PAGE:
Depression is something that is inevitable. When you spend years and years keeping things built up inside of you whether small or large. Or there is no break in a daily routine. Or you haven’t given yourself a day off in months. Or maybe life is just too perfect for you. Depression can by caused by so many different things, good and bad. But treating depression and its symptoms can be a challenge.
I have been a sufferer or depression for about two years. When it first hit me it was after I came home from a two week vacation from Washington to be in a friends wedding. I felt helpless. Everything that I let bother me and build up inside of me came out in so many different forms. For a month straight I cried and slept. I rarely ate or got out of bed. I lost about 15 pounds. I had no energy. I didn’t want to talk to my family or my friends. I refused to go outside and I didn’t want to be around groups of people.
I finally decided to see a doctor my grandmother had gone to for depression. He seemed to be uncaring and not listening to my symptoms. He gave me Lexapro and asked me to come back for blood work, which I refused to do. Depression is a mental and emotional disorder. No need for needles.
Lexapro had many side effects. I stopped crying and arose from my bedridden state, however I was struck by insomnia and I couldn’t stop eating or thinking negative thoughts including suicide. After two weeks of no sleep and feeling surrounded by a black cloud, I decided to go see my regular doctor.
He sat me down and listened to me and my symptoms along with what I believed triggered the depression. My doctor advised that I should have never been given Lexapro. He gave me Zoloft and a lot of understanding. After about two weeks on the Zoloft I began to sleep and eat normally and my negative thoughts were subsiding. I did still feel depressed and no motivation to do anything. But helping me got to the point of living my life, there was more that was needed than medication. I got the nerve to turn to my best friend. She suggested I set small daily goals for myself. Starting even as small as getting out of bed in the morning.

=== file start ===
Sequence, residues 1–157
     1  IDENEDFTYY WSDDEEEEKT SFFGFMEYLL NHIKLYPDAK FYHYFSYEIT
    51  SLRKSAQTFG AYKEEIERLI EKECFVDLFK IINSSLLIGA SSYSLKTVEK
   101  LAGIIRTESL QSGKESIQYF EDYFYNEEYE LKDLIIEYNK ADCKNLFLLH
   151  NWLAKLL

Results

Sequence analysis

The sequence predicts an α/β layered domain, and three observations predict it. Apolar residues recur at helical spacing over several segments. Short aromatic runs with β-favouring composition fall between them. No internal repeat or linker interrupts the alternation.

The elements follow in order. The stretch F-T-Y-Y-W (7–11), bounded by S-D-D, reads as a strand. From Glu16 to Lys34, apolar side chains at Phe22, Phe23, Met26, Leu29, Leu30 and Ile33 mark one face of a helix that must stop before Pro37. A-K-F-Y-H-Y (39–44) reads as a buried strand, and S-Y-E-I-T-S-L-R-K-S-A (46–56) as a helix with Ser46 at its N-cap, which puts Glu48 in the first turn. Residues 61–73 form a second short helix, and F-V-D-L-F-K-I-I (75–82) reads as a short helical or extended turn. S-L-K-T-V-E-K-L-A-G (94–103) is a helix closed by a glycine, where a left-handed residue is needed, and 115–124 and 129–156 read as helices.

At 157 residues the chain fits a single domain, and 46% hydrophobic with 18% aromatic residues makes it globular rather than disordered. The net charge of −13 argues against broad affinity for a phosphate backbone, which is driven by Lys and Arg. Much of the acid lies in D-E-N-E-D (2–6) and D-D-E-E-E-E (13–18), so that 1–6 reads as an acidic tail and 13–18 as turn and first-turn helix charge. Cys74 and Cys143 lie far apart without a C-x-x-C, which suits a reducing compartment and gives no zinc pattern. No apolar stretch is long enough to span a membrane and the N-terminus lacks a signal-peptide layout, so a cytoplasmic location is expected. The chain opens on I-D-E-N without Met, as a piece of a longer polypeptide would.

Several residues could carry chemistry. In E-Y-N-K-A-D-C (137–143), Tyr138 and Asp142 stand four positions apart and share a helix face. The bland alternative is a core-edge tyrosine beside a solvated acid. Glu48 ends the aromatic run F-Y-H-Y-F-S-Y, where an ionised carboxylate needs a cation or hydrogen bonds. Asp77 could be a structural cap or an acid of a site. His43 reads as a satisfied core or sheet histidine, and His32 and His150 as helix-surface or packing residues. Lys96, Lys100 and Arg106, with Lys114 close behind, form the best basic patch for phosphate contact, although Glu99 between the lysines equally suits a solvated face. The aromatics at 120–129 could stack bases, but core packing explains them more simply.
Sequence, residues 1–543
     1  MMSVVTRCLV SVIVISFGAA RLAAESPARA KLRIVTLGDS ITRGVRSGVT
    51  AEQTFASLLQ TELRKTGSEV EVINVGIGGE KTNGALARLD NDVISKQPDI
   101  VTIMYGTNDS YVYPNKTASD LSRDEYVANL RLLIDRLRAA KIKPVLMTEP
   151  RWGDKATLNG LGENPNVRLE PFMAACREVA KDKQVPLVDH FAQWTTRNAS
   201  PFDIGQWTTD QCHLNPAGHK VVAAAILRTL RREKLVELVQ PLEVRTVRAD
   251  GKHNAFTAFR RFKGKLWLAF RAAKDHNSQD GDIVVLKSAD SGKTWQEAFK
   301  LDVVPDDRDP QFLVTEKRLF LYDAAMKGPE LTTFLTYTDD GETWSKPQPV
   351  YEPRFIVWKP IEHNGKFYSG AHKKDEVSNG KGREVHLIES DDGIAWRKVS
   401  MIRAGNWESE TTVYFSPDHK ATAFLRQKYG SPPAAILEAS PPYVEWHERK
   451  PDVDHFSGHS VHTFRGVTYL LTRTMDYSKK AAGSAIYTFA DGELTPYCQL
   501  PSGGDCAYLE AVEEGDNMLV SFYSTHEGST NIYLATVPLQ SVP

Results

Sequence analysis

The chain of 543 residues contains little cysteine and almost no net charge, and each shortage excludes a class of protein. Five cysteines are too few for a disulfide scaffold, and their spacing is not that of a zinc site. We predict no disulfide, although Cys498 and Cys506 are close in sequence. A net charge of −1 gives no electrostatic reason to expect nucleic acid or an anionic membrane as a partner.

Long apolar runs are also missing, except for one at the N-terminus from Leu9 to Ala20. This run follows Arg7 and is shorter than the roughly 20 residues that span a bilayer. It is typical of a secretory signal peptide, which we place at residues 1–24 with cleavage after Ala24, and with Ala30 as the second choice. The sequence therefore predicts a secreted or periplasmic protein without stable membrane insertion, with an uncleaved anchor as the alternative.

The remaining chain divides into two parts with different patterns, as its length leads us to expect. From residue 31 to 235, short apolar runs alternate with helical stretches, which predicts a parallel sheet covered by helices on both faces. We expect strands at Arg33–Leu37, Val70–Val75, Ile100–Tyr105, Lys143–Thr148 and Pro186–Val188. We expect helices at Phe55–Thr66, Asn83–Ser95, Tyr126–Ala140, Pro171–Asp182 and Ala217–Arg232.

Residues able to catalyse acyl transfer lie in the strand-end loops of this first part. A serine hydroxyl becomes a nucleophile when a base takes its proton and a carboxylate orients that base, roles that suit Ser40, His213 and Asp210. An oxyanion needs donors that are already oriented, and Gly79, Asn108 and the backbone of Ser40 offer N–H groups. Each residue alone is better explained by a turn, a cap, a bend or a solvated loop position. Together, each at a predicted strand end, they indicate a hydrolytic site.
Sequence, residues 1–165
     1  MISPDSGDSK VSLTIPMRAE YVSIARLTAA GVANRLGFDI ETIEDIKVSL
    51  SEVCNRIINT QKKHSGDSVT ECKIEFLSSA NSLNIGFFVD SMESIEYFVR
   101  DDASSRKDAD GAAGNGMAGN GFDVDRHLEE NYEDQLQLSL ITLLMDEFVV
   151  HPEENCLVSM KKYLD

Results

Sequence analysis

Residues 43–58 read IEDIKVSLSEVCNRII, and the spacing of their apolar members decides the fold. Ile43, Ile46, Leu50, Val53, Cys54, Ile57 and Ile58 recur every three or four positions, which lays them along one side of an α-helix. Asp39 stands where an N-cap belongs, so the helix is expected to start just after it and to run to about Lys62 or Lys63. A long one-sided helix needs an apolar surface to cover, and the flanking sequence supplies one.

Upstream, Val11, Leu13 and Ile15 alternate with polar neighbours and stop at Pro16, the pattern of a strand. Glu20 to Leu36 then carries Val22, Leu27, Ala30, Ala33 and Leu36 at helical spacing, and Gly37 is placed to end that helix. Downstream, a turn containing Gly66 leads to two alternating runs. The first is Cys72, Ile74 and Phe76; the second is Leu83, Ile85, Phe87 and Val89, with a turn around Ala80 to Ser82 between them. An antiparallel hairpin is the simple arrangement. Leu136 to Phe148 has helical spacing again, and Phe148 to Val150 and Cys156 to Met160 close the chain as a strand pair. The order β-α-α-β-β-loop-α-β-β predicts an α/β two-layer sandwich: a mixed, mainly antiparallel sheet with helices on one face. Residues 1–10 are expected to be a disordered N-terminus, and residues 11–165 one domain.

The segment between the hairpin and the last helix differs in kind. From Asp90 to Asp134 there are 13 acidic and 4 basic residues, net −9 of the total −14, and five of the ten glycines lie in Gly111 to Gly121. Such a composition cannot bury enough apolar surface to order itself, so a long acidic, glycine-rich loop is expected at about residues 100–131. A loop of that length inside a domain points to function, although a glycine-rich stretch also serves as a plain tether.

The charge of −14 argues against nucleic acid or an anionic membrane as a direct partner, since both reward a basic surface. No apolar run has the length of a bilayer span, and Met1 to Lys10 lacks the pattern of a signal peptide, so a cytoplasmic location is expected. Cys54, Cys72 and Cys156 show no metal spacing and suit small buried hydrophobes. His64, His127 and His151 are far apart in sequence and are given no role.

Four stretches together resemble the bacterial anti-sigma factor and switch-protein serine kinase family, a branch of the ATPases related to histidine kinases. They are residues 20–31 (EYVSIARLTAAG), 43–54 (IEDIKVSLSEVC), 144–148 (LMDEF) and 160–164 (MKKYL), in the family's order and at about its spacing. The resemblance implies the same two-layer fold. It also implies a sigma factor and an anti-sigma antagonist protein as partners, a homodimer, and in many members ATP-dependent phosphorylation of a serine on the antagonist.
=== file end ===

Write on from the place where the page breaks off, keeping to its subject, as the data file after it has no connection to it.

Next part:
Each goal I achieved I would check off, it gave me the feeling of accomplishing something. Since I couldn’t go to work because I couldn’t keep my mind on my work, that area needed worked on. So I started reading. Story lines started grasping my attention and I was able to soon follow them and remember them. From there I was able to move on to bigger things, such as working on small projects and doing paperwork. I turned to music that had a positive outlook on things and also music that had a calming effect. I forced myself to go outside, even if it was for a five minute walk to the store to buy a candy bar. The fresh air and small interaction with people helped to put me back into the world. It took me four months to go back to work and re-enter the world. It wasn’t easy going back, but when I did, I was so happy and felt as though I made an accomplishment.
But depression isn’t fully gone, it lingers here and there. When I feel myself getting down or beginning to fear going out into the world, I set goals for myself, I call a friend, I turn up the radio, I think “If I go to work today, that is $100 closer to buying that new car I have been wanting.” or “Hey, that’s another day closer to that promotion.”
My advice to anyone who is going through depression, please seek understanding through your own doctor, and turn to your friends and family for support. But please realize that medication isn’t always the answer and as much as your friends and family can be there for you, you’re the one who has to take the initiative and push yourself to your goals. No one is going to do it for you. You can make all your dreams come true, you just have to do it one day at a time.